Friday, June 1, 2007
Reducing Risk on Joint Strike Fighter
Lessons learned from legacy aircraft are guiding JSF risk management
The avionics suite of the F-35 Joint Strike Fighter (JSF) will probably be the most extensively tested of any aviation electronics, with much of the work performed before systems fly on the intended airframe. Indeed, risk reduction is a focal point of the $45 billion development program led by Lockheed Martin.
"We have a risk-reduction philosophy of ‘defense in depth.’ Defense against failure at each juncture, particularly out in the field," said Eric Branyan, Lockheed Martin vice president of F-35 mission systems. "We have to understand the issues from the past. On the F-35, we did a lot of analysis on root causes (of faults) on legacy programs. Our team has a lot of strength in that area."
In recent interviews, Branyan and Doug Pearson, a retired major general who serves as vice president of the F-35 Integrated Test Force for Lockheed Martin, discussed the risk-reduction strategy and progress of the F-35 development effort. Avionics also spoke with BAE Systems, a principal partner responsible for the JSF’s electronic warfare (EW) suite.
JSF is a huge challenge in avionics integration and processing centralization. Common modules are used where possible, such as in the aircraft’s integrated core processor (ICP), and a 2 gigabit per second Fiber Channel provides near instant communication among the ICP, sensors, communications, navigation and identification (CNI) system and displays. The electronically scanned radar array, controlled by the mission system software, can perform EW functions to supplement the aircraft’s EW system, which shares some of the com/nav/identification apertures.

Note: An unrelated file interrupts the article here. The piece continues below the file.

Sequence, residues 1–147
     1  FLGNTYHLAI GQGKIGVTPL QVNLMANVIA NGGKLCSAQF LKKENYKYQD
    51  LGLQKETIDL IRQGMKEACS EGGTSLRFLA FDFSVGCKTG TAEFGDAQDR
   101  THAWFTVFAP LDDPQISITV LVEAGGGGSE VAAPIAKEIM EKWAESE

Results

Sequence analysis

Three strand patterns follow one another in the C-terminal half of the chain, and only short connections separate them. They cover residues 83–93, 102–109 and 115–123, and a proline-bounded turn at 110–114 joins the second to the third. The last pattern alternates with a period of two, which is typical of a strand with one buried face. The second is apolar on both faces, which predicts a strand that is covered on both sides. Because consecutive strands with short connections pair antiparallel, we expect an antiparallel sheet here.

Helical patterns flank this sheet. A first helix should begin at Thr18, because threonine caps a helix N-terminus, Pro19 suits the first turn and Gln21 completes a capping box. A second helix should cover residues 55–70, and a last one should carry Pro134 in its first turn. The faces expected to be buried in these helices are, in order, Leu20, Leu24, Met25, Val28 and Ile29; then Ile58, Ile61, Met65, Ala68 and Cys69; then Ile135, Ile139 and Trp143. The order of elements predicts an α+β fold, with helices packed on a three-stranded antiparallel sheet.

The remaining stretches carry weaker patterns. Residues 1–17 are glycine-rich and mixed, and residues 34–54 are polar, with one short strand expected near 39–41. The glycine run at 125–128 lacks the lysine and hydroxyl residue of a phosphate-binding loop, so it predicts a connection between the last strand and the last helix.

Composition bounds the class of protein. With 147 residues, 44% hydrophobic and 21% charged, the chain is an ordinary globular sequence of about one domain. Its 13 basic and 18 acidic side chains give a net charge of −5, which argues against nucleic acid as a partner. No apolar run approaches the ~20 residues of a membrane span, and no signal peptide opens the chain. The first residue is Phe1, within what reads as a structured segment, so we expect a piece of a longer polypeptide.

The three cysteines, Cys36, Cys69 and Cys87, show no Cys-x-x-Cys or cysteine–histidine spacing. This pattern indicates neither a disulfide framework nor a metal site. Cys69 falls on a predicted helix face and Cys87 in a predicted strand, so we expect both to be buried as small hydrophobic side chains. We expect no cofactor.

Systems integration on the JSF will produce a leap forward in situational awareness. Radar, electro-optical, EW, CNI and off-board data will be fused and presented as an intuitive, tactical picture on the head-down display. The pilot will have a helmet-mounted display system (HMDS) that provides an infrared picture along with tactical, flight and safety symbology. The HMDS also will provide high-angle off-bore sight targeting.
"We had to find a way to take the risk out of these complex avionics systems before we install them on the airplane," said Pearson. "By the time we’re building and flying the F-35, we need to have a high degree of confidence that the systems are going to perform as designed. You can have many individual systems that perform fine alone, but when you try to integrate them on one platform — well that’s the challenge."
Although there are three variants of the F-35, the avionics are largely the same across all three, and the temptation to vary them has been resisted. "We’re going to have the same avionics on all three variants," Pearson said. "One could have argued that the STOVL (short takeoff/vertical landing) needs a different suite from CV (carrier variant) which needs a different suite from the CTOL (conventional takeoff and landing). If we had not been careful, we could have ended up with three different mission systems. To reduce risk we have one. It’s one of the most powerful common elements across all three variants and a big risk reducer."